> ... [t]he exporters are arguing that the law should ban the local consumption of the species, which is native to River Nile and Lake Albert in Uganda as a measure to protect the Nile perch which is currently threatened by illegal fishing methods. Goswami who says that they have exported fish to the European market for the last 22 years, demands that local consumption should be limited to tilapia.


Neighbourhoods with a large body of students (colleges and universities) have fresh supplies of food and fairly priced – because students provide a high and steady demand for food an therefore vendors can afford to keep low prices that way.



> Power sales have increased 39.3 percent since 2012 when the number of those connected to the grid jumped 271.7 percent.




This is more like saying “Yes, poison me, but please print the chemicals used in clear font on the bottle”

“All large platforms who operate ad networks — Facebook, Google, YouTube — should disclose targeting parameters on their platforms through publicly available APIs.”


> The use of SI metrics for the purpose of quantified measurement and ranking gives it the appearance of being ‘scientific’ and as such has the implicit ideological power of making the racialised inequality of peoples and countries much more acceptable and natural.

Updates: https://www.michaelgeist.ca/2021/05/not-just-big-techbillc10/

Government Memo Shows Bill C-10 Targets News Sites, Podcast and Workout Apps, Adult Websites, Audiobooks, and Sports Streamers for CRTC Regulation

https://twitter.com/mgeist/status/1395364990362718212?s=20


Data protection implies accepting these so called passports and ‘managing’ the process. It is accepting that these things are necessary. The big question should be whether they are successful epidemiologically.


https://www.cornell.edu/video/james-scott-the-art-of-not-being-governed

For two thousand years, the peoples residing in Zomia – the mountainous region that stretches from the Central Highlands of Vietnam to northeastern India – have fled the organized state societies in the valleys. Far from being ‘remnants’ left behind by civilizing societies, they are “barbarians by choice”, peoples who have deliberately put distance between themselves and lowland, state-centers.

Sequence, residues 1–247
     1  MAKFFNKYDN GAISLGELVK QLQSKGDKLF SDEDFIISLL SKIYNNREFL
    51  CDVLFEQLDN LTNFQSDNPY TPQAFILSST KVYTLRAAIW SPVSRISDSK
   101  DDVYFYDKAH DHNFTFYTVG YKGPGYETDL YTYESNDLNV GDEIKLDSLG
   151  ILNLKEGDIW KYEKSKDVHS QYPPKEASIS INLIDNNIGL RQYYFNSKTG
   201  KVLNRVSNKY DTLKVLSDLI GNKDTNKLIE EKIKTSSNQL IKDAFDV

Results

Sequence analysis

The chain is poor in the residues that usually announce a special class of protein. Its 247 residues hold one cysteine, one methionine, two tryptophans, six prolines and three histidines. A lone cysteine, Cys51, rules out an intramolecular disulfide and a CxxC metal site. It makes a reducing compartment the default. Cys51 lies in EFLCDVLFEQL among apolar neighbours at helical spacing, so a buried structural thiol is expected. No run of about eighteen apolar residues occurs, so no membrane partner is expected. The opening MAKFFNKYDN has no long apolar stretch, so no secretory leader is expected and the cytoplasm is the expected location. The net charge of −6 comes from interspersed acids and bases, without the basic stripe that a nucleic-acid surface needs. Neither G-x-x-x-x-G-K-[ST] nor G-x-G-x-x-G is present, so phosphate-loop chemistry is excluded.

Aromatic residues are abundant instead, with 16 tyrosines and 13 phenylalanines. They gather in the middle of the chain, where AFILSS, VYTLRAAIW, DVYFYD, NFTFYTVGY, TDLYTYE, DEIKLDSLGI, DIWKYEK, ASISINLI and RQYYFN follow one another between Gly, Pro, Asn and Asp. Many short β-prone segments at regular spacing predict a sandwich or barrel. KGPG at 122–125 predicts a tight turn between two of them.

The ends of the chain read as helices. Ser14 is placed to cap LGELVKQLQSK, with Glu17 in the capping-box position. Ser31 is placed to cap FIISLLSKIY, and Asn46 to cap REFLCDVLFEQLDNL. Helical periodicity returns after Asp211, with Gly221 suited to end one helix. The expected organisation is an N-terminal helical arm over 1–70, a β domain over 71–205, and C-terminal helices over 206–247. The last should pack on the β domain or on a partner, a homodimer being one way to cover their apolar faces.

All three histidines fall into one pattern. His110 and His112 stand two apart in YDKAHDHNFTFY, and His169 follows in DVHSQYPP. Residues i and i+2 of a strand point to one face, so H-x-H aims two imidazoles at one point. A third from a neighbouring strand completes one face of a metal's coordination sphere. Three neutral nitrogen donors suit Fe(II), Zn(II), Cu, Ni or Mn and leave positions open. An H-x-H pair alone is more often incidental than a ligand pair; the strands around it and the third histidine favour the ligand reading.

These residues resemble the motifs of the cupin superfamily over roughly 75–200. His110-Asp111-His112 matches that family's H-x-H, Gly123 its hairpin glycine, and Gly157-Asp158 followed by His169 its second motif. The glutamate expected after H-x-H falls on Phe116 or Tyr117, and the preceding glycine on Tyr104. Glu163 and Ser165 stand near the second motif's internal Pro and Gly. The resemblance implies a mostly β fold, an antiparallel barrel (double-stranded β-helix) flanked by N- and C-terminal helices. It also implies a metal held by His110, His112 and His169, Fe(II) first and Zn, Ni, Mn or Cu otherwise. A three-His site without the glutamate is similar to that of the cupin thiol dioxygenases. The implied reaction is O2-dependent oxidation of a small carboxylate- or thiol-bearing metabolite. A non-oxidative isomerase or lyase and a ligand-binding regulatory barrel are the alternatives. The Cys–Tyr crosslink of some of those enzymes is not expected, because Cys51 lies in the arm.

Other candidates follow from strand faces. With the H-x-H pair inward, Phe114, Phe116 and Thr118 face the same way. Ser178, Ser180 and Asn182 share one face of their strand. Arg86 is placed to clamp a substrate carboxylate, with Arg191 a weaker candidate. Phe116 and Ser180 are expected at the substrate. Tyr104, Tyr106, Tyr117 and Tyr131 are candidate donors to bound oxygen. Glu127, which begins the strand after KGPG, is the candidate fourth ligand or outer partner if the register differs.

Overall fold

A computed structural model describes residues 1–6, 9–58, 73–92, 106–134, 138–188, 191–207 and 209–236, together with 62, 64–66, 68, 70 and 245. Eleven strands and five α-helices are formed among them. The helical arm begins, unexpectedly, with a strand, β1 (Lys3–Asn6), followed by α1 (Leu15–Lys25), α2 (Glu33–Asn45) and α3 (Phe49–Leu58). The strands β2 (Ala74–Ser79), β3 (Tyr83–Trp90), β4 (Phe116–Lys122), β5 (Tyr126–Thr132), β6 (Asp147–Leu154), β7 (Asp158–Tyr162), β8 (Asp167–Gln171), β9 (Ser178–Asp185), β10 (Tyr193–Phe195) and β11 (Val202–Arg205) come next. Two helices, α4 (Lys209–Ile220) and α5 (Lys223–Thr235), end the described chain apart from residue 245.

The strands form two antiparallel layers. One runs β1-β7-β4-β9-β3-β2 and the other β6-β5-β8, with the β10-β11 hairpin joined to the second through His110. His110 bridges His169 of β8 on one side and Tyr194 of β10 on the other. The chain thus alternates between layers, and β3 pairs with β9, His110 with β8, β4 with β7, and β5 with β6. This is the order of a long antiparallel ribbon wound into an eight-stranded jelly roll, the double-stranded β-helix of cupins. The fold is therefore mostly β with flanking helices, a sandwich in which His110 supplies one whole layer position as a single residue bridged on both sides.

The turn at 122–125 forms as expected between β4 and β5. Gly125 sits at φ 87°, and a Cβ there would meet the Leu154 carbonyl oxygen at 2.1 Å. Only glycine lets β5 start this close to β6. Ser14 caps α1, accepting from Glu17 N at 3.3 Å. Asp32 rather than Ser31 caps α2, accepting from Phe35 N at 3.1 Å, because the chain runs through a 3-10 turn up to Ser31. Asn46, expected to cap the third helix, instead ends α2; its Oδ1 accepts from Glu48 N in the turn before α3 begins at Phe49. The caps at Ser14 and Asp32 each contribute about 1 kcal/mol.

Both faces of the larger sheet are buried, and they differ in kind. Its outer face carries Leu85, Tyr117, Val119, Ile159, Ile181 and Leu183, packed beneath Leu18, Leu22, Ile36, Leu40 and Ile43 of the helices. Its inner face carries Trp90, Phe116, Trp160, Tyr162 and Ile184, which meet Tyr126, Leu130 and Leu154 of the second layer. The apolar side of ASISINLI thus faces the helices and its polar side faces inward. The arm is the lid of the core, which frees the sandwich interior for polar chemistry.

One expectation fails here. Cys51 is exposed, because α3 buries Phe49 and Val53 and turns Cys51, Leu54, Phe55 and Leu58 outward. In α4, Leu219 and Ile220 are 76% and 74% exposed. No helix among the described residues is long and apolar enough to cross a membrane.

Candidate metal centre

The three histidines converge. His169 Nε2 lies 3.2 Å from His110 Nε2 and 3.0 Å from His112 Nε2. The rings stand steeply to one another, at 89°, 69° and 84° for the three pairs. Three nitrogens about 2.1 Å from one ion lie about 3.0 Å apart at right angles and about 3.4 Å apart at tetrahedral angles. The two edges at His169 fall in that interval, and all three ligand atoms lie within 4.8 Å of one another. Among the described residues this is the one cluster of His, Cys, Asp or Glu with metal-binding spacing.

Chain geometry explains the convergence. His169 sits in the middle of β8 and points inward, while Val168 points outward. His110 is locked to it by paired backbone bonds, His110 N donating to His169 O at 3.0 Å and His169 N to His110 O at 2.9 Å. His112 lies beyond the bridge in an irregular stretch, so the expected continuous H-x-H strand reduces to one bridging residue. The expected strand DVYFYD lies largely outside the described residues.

I did not know Nilotes were running away from Cushitic centralized states. TIL.


And the ‘TOTAL’ chaos follows the oil people wherever they land.

Most communications with Palma and the surrounding area have been cut off by the insurgents, although some in the besieged town got messages out using satellite phones. The town is where many contractors have been working for a multi-billion-dollar liquified natural gas project by the French energy company Total.


Science and technology are not value neutral. It is driven by ideas of value, in this case profit:

But although this new therapy is extremely promising, there are still numerous barriers to delivering this care, one of them being cost. Therapies for rare diseases aren’t profitable, so all this is funded by donations, fund raising and charities, with many other children waiting for treatment.


One would think that with all the talk around ‘sovereignty’ the governments would see the dependency matrix they are fixing themselves in. They also do not come cheap – an email account on Xchange may cost over 10Dollars a month. It is puzzling how a low-income country would opt for a costly, dependence-inducing platform yet their technical people advise on fairly priced options that give them more autonomy.


Aaaaaaaaah. Like fine wine. They do not make them this finer any more.


I found individuals in tech-departments (the sys-admins) can play a disproportionate role in steering an organization or government office to FOSS or closed-source. While I see OSA has the right message, they are also funded by some of the main beneficiaries of closed-source surveillance software used by governments in Africa: Microsoft + Google. I hope the board offers more insight and capacity in how to deal with these structural issues.


Wishing Sam the best:

“I can do these things without being on the Board for OSI, but I have the opportunity to bring more people around the culture, as I recently did with many efforts from Africa, like the Open Source Festival.”


The Garissa solar plant is doing 50MW - https://www.rerec.co.ke/index.php?option=com_content&view=article&id=53&Itemid=234

I wonder what led to East Africa success in this area. I do not know whether it is relative to other regions but in absolute sense, they seem to be doing something right.


Seems the EV adoption is happening in the most unexpected spaces, like fishermen in Lake Nam Lolwe (or as the British called it, Lake Victoria): https://www.bbc.com/news/av/world-africa-56273602